Making / Learning / Work was an adult learning innovation project hosted at the MIT Media Lab from September 2014 to May 2016. This site is an archive of the project documentation.
Beyond book stacks - Utilizing libraries as bridges for meaningful employment
For generations, libraries have played an integral role in local communities aound the world. As libraries evolve to “facilitate knowledge creation”  in the digital age, there are many opportunities to support adult learners in their journeys towards a secure and fulfilling future.
At many libraries, a large component of web use is job search, especially for those adults who do not have consistent access to the Internet at home or need the support of an intuitive path towards finding work. Indeed, some libraries have begun training staff to help visitors apply for jobs. Libranet seeks to embrace this trend by creating a network facilitated by the library for residents to explore career opportunities and help set their own career goals.
When job seekers enter the library, they will log into Libranet on a local computer. Once logged in, they will be able to set and edit goals, search for jobs, and interact with a community of fellow job-seekers. By doing this, Libranet finds new ways of collecting, extracting, and organizing data in order to make it sharable and actionable and helps find new ways to create value in libraries as community spaces of learning. Elucidating this previously hidden network of job seekers could lead to physical meet-ups, peer support groups, and perhaps skills building needs that the library could organize workshops around.
With Libranet, libraries benefit because they obtain information about the skills employees have and the skills employers seek and then design seminars to match employees and employers (job training, information sessions, interviews). Employers may be prompted to come in for info sessions, interview practice, skills training, resume review, etc. For them the benefit is threefold: They get access to potential employees, gain professional development as teachers, and have the opportunity to increase brand awareness in local community. By expanding job search as a service at the library, librarians will also be able to serve their clients more effectively.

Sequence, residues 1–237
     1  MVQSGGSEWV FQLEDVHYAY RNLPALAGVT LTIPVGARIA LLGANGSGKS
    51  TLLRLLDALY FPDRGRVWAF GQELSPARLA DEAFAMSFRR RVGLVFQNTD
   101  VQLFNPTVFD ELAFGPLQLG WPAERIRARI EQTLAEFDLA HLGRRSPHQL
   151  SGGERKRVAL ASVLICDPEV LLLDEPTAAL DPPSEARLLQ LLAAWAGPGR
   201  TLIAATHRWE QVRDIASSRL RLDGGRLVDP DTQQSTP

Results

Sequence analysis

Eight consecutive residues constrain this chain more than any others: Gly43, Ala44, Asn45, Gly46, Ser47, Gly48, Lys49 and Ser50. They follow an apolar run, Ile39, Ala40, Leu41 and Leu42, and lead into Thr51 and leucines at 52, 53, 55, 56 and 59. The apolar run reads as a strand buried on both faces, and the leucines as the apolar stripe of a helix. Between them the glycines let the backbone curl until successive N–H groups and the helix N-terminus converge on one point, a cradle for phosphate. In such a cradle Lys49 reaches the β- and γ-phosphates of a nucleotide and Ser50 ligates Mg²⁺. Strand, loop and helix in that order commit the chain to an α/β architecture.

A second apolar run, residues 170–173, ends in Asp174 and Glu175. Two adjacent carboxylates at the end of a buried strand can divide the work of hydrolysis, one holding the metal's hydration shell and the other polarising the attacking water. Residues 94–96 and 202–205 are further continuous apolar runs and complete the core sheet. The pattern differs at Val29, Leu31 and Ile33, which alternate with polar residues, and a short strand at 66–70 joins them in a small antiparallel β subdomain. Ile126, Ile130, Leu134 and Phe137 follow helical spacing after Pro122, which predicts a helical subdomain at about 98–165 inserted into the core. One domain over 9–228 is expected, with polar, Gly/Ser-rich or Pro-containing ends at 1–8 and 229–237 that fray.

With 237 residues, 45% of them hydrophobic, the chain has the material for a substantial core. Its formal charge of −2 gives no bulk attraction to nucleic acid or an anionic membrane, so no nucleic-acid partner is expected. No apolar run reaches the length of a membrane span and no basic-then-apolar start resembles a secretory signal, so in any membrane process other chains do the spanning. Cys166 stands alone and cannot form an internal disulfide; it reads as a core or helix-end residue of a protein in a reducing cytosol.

R. David Lankes, The Atlas of New Librarianship
Q. What can we do to give users immediate feedback after that register for Libranet?
Once they fill out a short profile, we could immediately present them with jobs targeted at the skill set they already have. We could also display a list of jobs they would need to acquire skills to obtain. Presented with this list would be a “gap analysis” of skills they need to develop for these jobs and steps to obtaining them. This could lead to partnerships with local community colleges, ESOL programs, etc.
Thoughts to keep in mind:
- A huge plus for libraries is they are already a public destination that people can access
- To what extent will library workers have access to Libranet? And how will this be balanced with patron privacy?
- Creating partnership with local community colleges, ESOL programs, etc. should be an integral part of Libranet